A nice, cold beer
K and I split a Heineken, it was cold and delicious. It’s amazing how good mediocre beer tastes when you are not allowed to drink it. That said, bad vodka still tastes like rubbing alcohol to me, and bad whiskey is even worse.
Iranians don’t have good things to say about each other. The women don’t say good things about the men, and the men don’t say good things about the women. They don’t seem to like themselves very much.
“The women don’t even know who they are anymore,” one male friend tells us. “They have to go through so many morality tests and pretend so much that they don’t know what their real personality is.”
“Everyone here has at least two personalities,” K’s nephew tells me. “We have to.”
When I talk to people about this, they say, “It was not like this before the revolution.” I am not sure if this is nostalgia speaking or the truth. Since the revolution, I have heard, money has become more important. “Most family arguments are about money,” a friend tells me. Everyday we meet taxi drivers who were pilots, mechanics, and doctors. They cannot earn enough money at any of these jobs to support their families. “Driving a taxi pays a lot better,” we hear over and over again.
So, since the revolution, the mullahs and their families have gotten rich, while others have become poor. One woman we met who served in both the Shah’s army and the Islamic Republic’s army showed us copies of her paychecks from before and after the revolution. Before, she made a decent salary. After, it dropped to $75 a month. “Meanwhile,” she said, “the sons of the mullahs became millionaires.”
Many Iranians I meet think that the reason the regime will eventually fall apart is because they have stolen all there is to steal. “It’s amazing that with all of the money they have stolen that there is still money to build new roads and public services,” one friend says. Her brother replies, “Just think how much money there was that they still could spend some on public services.”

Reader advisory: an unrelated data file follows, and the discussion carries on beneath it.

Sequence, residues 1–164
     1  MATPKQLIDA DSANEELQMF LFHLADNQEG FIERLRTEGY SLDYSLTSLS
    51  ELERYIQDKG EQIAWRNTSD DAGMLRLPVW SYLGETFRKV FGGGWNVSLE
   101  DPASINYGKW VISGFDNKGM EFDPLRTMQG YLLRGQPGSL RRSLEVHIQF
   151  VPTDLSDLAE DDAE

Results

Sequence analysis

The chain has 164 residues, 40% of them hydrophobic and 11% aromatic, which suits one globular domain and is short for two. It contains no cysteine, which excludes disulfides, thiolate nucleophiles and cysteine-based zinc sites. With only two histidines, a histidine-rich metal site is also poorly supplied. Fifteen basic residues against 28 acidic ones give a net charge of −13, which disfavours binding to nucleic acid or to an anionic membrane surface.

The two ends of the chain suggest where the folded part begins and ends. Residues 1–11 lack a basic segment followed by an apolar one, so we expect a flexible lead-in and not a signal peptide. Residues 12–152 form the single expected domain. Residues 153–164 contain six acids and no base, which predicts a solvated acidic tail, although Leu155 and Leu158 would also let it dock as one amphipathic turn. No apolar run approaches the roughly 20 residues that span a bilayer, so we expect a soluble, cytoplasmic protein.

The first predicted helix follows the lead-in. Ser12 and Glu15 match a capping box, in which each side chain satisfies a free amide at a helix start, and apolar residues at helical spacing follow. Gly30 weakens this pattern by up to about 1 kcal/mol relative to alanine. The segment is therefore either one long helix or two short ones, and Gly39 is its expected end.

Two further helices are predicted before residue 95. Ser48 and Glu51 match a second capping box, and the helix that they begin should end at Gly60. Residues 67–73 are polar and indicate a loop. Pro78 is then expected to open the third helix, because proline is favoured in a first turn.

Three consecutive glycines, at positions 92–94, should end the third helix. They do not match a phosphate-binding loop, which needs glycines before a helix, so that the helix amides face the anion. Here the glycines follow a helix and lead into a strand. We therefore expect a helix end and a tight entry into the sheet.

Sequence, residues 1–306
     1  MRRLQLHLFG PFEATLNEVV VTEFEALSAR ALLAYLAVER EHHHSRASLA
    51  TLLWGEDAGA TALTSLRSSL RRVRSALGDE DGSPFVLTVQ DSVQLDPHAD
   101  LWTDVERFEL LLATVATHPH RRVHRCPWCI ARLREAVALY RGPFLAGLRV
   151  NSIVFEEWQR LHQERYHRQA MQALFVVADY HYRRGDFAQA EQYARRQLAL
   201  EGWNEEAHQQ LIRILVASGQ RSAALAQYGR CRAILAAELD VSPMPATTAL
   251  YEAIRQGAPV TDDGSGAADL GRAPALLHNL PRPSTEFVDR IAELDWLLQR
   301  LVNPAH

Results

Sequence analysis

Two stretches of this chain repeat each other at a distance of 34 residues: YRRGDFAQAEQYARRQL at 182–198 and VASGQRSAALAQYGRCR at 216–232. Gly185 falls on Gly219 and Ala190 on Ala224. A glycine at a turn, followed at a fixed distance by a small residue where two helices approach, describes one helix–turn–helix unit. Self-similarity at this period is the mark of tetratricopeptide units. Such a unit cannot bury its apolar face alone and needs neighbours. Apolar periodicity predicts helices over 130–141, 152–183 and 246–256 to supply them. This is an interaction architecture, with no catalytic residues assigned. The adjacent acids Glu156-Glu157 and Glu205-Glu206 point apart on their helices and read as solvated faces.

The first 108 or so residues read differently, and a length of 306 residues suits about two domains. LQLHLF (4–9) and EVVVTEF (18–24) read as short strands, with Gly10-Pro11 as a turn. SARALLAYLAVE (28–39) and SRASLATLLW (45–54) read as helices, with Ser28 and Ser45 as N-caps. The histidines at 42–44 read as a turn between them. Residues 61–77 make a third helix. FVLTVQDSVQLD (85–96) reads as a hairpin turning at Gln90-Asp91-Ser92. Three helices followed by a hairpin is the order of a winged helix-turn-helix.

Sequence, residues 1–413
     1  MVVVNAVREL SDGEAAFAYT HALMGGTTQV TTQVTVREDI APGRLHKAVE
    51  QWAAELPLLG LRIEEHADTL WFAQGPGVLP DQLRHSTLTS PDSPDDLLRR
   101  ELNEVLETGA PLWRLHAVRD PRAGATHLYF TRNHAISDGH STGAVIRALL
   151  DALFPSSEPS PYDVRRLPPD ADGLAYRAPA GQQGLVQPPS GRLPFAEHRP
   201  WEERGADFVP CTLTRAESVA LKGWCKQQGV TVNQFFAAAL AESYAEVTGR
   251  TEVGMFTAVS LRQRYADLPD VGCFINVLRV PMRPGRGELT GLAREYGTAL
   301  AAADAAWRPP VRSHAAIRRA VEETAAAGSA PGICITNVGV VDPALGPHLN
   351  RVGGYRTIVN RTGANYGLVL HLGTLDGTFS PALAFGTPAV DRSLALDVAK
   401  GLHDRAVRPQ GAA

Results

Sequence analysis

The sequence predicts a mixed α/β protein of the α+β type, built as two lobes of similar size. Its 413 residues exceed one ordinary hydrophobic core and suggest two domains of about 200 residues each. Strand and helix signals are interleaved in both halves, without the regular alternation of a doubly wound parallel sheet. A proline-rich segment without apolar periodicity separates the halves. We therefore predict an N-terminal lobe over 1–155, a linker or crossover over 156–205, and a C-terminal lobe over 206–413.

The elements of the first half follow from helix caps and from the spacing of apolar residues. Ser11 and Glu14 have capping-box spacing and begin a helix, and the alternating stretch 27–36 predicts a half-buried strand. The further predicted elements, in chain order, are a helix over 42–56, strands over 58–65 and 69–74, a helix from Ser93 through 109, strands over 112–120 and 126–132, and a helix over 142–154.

The cities have more than two faces as well. Even though the streets are packed with people, most of the life is private. It’s inside people’s houses and in secret places. People find ways to have parties, students have raves, everywhere people argue about politics, watch Hollywood movies, and listen to pop music. On the outside, Tehran is a dingy, unremarkable, sprawling city. One pale brick building after another fills the neighborhoods. The mosques offer the only relief from the dull architecture. They are gorgeous with blue domes and bright tile work.
Here are some of the things I see almost every day:
Awkward light sculptures of horses and peacocks;
Huge murals of Iran’s martyrs;
4-story paintings of Khomeini (who looks like most children’s imagination of God: a bearded man floating in a cloud) and Khameini;
Billboards of Fatima: a woman in a chador with a light for a face, holding a wounded soldier;
A billboard of a man in a headband looking up and shouting something with the slogan translated as: “Our young folks are the man of martydom and hero;”
A 3-story mural of the American flag: its stripes are the tails of falling bombs with the familiar slogan: “Down with America” perfectly translated;
Deteriorating fountains that sometimes send their streams of water in unintended directions;
Billboards for Samsung, Siemens, and DeLonghi products;
You can get around Tehran pretty inexpensively in shared taxis. To do this, you stand on the street -- usually near a bus stop or crowd of people – and lean out from the curb saying your destination to the passing cars. If the driver is going in your direction, he stops, and you get in. Sometimes we take 3 of these taxis to get to a destination.
The taxis can take 5 people. Three sit in the back. Two share the front passenger’s seat. The first time I got into a shared taxi, I was surprised when a second fairly large man sat in front practically on the other passenger’s lap.
I say that the taxis can take 5 people, but one day when we were outside of Tehran, I saw 12 people get out of a taxi. (With the driver, that makes 13). Two of the 12 were small children, two more were big children, the other 8 were adult-sized. They carried huge pots of food with them as well. It was like watching the clown car at the circus: just when you think that no one else will come out of the cab, 4 more people come out.